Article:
Downtown Sudbury has some lovely churches with deep roots in the community.
St. Mary’s Ukrainian Church (Photo by Terry Hayes)40 Notre Dame Ave. 705.675.8244
Sudbury’s St. Mary’s Ukrainian Catholic Church held its first services on the Feast of the Nativity (Ukrainian Christmas) on Jan. 7, 1971.
St. Mary’s combines traditional elements of Ukrainian churches with modern design. Earlier this year it was recognized for its architectural significance and given a Landmark Designation by the Ontario Association of Architects.
The church on Notre Dame Ave. was designed by John Stefura and with Carl Skerl, who worked for his firm as a student and for some time after graduation.
St. Mary’s Church replaced an older church on Beech St. which was built in 1928. That church was demolished as part of the Sudbury’s urban renewal.
St. Andrew’s United Church111 Larch St. 705.674.0721
Named after the patron saint of Scotland, St. Andrew’s, originally a Presbyterian Church, was established in 1889. The original church was replaced in 1910. That church was replaced in the early 1970 with a modern multipurpose building with a place for worship, apartments and commerical space was designed by Art Townend. The sanctuary has very good accoustics and is often used for musical concerts.
Church of the Epiphany (Anglican)85 Larch St. 705.675.2279
The church at 85 Larch St. is a designated historical building by the Sudbury Municipal Heritage Committee (SMHC). According to Sudbury Museums, the church began with a small congregation of followers in 1883. The first Anglican mass was held in a shack near the railway station. In 1890, a church was build on Larch St. The present church was built in 1913 with numerous renovations over the years. A fire gutted the building in 1987 and destroyed many of the beautiful stained glass windows. The Gothic style building was reconstructed after the fire.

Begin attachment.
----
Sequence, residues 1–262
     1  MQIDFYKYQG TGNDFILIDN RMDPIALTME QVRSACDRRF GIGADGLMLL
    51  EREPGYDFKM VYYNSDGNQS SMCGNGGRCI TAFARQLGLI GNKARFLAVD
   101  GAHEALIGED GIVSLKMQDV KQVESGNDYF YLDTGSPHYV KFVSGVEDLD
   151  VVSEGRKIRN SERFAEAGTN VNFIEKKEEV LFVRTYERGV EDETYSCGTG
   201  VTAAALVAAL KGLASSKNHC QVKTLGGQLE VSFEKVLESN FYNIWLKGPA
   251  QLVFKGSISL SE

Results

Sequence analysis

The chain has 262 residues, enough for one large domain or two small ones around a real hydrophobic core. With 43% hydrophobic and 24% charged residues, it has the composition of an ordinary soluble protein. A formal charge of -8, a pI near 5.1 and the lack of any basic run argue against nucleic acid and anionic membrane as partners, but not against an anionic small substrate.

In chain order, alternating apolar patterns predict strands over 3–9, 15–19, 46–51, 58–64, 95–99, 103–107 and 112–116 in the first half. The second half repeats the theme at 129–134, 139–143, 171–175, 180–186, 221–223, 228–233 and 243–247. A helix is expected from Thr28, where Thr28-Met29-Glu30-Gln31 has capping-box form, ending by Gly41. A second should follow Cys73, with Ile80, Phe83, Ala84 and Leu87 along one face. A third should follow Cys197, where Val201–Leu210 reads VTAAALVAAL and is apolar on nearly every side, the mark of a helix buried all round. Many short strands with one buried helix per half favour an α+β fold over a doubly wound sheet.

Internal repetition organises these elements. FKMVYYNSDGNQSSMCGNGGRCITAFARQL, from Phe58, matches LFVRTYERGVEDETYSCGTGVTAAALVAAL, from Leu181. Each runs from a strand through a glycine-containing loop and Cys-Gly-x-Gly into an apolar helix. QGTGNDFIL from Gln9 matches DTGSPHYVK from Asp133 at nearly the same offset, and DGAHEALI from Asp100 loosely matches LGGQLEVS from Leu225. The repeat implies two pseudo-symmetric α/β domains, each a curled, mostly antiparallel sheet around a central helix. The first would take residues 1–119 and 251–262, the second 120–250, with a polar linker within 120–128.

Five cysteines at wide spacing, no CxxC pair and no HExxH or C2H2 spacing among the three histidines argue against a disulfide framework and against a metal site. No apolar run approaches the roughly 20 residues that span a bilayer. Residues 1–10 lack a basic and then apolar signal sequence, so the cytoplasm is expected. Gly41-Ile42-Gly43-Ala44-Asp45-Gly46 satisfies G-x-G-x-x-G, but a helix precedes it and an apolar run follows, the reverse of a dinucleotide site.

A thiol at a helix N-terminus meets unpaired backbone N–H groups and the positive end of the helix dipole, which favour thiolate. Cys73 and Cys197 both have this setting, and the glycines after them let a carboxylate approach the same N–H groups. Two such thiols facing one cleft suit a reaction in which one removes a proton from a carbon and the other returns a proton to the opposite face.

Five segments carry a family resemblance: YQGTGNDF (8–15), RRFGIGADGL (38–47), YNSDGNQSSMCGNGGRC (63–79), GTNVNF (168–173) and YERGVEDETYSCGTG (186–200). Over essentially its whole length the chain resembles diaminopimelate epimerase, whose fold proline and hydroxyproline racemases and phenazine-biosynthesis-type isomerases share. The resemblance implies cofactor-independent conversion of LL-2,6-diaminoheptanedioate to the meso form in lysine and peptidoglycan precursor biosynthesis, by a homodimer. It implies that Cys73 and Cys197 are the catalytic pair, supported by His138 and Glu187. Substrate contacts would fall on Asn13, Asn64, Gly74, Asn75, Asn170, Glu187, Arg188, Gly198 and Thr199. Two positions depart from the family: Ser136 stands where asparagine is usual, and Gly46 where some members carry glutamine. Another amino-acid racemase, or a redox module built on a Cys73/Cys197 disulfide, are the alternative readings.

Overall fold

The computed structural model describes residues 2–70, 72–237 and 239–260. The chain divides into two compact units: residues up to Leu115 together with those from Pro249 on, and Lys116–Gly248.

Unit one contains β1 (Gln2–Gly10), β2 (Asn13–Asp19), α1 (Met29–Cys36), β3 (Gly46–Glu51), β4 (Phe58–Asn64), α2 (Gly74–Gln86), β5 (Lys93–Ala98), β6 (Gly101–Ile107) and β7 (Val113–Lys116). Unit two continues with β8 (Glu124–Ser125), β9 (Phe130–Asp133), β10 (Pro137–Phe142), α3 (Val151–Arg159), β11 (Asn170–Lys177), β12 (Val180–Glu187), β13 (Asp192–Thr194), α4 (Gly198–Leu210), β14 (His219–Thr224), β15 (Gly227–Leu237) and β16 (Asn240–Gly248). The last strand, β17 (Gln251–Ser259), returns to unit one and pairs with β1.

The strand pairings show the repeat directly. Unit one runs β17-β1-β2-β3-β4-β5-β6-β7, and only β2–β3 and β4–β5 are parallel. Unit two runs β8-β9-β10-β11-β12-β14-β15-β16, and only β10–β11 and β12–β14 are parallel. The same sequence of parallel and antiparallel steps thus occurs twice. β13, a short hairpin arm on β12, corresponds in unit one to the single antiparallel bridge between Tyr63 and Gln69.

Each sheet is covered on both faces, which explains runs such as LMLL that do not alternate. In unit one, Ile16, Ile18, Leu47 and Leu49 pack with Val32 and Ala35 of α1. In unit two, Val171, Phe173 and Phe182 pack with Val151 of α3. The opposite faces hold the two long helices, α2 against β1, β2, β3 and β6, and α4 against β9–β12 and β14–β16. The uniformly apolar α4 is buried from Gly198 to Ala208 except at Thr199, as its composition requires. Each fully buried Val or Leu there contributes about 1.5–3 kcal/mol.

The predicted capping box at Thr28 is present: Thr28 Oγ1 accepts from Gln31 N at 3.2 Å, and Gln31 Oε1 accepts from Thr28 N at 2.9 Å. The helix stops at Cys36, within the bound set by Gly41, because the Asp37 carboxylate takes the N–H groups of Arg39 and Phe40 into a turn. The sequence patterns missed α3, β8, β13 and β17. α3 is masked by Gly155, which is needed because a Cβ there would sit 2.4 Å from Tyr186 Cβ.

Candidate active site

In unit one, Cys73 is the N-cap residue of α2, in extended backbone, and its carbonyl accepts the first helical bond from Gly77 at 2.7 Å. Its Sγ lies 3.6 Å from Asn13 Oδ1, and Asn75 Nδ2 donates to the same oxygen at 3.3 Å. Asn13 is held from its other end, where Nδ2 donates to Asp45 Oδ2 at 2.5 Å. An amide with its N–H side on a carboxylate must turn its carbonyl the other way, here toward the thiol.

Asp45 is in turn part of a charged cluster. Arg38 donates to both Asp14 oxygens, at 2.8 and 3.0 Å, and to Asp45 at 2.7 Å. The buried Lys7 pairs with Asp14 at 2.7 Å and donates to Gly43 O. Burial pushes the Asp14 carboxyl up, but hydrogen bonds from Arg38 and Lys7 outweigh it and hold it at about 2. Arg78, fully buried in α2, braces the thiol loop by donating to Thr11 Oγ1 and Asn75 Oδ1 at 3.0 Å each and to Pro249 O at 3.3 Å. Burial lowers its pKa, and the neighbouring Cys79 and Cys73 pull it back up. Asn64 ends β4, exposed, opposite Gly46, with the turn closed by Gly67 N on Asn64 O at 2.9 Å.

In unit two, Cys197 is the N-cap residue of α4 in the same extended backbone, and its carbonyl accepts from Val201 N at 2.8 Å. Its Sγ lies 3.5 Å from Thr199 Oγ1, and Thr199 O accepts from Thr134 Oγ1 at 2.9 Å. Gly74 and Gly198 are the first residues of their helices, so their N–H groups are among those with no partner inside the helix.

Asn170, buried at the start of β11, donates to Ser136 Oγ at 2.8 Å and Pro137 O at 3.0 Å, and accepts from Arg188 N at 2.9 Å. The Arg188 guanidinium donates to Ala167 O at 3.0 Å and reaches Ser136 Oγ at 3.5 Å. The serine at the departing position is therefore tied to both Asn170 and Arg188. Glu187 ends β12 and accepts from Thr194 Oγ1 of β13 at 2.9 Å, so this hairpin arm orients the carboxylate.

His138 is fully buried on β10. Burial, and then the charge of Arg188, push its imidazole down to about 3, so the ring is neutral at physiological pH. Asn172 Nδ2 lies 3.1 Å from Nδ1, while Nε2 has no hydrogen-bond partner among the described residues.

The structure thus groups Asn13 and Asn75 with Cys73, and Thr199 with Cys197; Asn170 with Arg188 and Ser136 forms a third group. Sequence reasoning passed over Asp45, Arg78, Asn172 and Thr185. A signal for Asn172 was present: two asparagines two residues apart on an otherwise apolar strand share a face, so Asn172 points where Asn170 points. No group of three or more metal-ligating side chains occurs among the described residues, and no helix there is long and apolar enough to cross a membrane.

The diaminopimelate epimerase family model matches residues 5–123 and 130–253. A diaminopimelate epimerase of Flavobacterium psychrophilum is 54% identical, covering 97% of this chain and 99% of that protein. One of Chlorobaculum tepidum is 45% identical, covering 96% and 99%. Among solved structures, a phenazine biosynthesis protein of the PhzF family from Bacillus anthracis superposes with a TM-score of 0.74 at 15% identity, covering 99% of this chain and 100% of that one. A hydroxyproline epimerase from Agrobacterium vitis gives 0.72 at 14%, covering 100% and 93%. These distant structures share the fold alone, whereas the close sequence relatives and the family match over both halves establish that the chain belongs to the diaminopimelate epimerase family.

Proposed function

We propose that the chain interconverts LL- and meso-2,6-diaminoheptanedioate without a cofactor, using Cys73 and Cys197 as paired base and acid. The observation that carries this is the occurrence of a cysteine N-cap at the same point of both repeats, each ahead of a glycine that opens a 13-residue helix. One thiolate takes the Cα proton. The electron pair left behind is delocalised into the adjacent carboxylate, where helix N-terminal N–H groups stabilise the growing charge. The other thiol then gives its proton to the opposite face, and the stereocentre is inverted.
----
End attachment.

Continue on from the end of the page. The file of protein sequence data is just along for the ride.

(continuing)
Knox Presbyterian Church73 Larch St. 705.675.8891
This church dated back to the mid-1920s when members of St. Andrew’s Presbyterian Church who did not want to become part of the United Church.
Christ the King Catholic Church30 Beech St. 705.674.6447
This handsome church is the largest and oldest English Roman Catholic Church in Sudbury. It was established in 1917 when the bishop divided the French and English parishioners of Sainte-Anne des Pins. Masses were held in a temporary location until a new church, designed by P.J. O’Gorman, was built. The church, originally named St. Joesph’s Church, opened in 1929. In 1935, the name was changed to Christ the King. The church was gutted by fire in 1947 and rebuilt with drawings by Louis Fabbro. The church underwent a major renovation in 1970. It is handicap accessible, and is equipped with hard-of-hearing devices.
Sainte-Anne des Pins14 Beech St. 705. 674.1947
An ultra modern church, designed by Yallowega Bélanger Architecture, stands on the site of the Sainte- Anne des Pins mission, which was established by the Jesuits. Previous buildings were destroyed by fire. The church played a large role in the development of the city’s French-Ontarian culture. The rectory next door, built in 1883, is Sudbury’s oldest building and home to Carrefour francophone, the province’s oldest francophone cultural centre.